directory references to the inode.
- Freemap checks: blocks claimed free by the freemap but also claimed by an
inode, blocks unclaimed by any inode but not appearing in the
- Super Block checks: total free block and/or free i-node count incorrect,
filesystem geometry inconsistent, secondary and primary superblocks
Orphaned files and directories (allocated, in-use but unreferenced) are
reconnected by placing them in the lost+found
directory. The name
assigned is the inode number.
aborts on most disk I/O errors. Therefore, if you are trying
to repair a filesystem that was damaged due to a disk drive failure, steps
should be taken to ensure that all blocks in the filesystem are readable and
writable before attempting to use xfs_repair
to repair the filesystem.
A possible method is using dd
(8) to copy the data onto a good disk.
The directory lost+found
does not have to already exist in the filesystem
being repaired. If the directory does not exist, it is automatically created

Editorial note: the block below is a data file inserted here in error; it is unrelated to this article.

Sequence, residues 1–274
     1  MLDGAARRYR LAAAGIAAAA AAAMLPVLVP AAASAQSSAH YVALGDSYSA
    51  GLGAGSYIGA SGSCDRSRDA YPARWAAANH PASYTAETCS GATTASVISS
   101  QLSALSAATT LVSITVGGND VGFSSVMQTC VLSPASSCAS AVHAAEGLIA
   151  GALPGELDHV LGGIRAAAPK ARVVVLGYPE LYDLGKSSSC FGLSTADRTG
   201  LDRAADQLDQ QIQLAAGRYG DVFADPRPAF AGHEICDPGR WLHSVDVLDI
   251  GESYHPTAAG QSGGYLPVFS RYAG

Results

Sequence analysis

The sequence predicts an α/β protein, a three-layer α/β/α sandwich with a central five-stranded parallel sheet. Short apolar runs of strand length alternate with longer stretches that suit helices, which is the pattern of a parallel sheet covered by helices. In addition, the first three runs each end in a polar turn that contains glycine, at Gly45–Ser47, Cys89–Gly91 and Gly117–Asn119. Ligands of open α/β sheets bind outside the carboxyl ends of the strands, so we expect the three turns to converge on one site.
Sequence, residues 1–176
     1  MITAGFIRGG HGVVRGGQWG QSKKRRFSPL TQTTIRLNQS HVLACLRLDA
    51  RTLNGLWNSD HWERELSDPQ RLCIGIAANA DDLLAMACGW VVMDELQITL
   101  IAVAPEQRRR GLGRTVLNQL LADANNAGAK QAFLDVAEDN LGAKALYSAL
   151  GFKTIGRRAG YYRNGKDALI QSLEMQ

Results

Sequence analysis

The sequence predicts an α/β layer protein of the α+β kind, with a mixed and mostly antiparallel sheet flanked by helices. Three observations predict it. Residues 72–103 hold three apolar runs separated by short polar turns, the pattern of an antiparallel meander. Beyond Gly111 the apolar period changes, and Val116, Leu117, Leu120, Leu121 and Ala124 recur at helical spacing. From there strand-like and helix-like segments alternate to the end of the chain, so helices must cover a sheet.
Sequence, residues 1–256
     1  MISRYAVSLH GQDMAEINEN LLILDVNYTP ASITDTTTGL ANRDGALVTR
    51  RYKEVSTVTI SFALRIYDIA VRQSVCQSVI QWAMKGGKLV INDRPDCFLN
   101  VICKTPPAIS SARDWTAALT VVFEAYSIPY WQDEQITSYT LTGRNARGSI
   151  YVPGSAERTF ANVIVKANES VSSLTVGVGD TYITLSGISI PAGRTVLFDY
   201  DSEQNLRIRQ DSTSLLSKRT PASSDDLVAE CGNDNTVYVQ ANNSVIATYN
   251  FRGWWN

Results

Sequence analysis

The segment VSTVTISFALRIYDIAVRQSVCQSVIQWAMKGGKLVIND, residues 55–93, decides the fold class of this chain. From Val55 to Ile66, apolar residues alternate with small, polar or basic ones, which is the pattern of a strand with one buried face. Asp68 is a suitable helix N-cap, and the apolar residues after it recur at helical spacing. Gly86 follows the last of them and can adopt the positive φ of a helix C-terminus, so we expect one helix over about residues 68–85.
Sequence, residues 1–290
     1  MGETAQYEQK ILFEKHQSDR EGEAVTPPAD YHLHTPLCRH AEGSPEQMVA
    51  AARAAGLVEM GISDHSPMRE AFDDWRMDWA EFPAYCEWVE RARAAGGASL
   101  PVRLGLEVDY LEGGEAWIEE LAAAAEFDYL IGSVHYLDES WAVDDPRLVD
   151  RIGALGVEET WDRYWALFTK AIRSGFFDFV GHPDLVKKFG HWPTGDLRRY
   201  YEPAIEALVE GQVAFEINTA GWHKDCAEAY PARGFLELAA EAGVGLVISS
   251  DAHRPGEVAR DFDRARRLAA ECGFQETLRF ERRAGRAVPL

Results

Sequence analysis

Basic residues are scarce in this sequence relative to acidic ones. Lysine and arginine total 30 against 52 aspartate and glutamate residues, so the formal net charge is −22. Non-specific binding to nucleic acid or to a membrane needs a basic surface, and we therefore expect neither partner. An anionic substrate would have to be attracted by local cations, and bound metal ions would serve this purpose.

if required. If it already exists, it will be checked for consistency and if
valid will be used for additional orphaned files. Invalid lost+found
directories are removed and recreated. Existing files in a valid
are not removed or renamed.
XFS has both primary and secondary superblocks. xfs_repair
information in the primary superblock to automatically find and validate the
primary superblock against the secondary superblocks before proceeding. Should
the primary be too corrupted to be useful in locating the secondary
superblocks, the program scans the filesystem until it finds and validates
some secondary superblocks. At that point, it generates a primary superblock.
If quotas are in use, it is possible that xfs_repair
will clear some or